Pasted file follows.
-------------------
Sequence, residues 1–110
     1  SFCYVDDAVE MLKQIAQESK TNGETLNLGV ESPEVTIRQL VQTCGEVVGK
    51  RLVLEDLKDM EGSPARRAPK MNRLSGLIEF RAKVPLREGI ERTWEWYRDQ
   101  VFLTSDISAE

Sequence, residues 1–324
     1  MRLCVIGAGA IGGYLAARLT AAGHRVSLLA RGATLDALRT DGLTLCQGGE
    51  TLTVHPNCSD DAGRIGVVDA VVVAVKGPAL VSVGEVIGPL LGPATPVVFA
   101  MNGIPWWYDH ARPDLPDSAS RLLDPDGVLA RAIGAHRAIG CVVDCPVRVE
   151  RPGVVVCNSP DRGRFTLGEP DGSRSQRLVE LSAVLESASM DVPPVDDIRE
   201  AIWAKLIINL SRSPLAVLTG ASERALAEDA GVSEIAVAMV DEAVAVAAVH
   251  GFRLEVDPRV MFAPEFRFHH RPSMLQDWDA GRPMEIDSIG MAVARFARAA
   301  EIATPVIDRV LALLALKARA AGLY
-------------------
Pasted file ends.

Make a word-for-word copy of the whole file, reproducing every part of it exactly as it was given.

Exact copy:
Sequence, residues 1–110
     1  SFCYVDDAVE MLKQIAQESK TNGETLNLGV ESPEVTIRQL VQTCGEVVGK
    51  RLVLEDLKDM EGSPARRAPK MNRLSGLIEF RAKVPLREGI ERTWEWYRDQ
   101  VFLTSDISAE

Sequence, residues 1–324
     1  MRLCVIGAGA IGGYLAARLT AAGHRVSLLA RGATLDALRT DGLTLCQGGE
    51  TLTVHPNCSD DAGRIGVVDA VVVAVKGPAL VSVGEVIGPL LGPATPVVFA
   101  MNGIPWWYDH ARPDLPDSAS RLLDPDGVLA RAIGAHRAIG CVVDCPVRVE
   151  RPGVVVCNSP DRGRFTLGEP DGSRSQRLVE LSAVLESASM DVPPVDDIRE
   201  AIWAKLIINL SRSPLAVLTG ASERALAEDA GVSEIAVAMV DEAVAVAAVH
   251  GFRLEVDPRV MFAPEFRFHH RPSMLQDWDA GRPMEIDSIG MAVARFARAA
   301  EIATPVIDRV LALLALKARA AGLY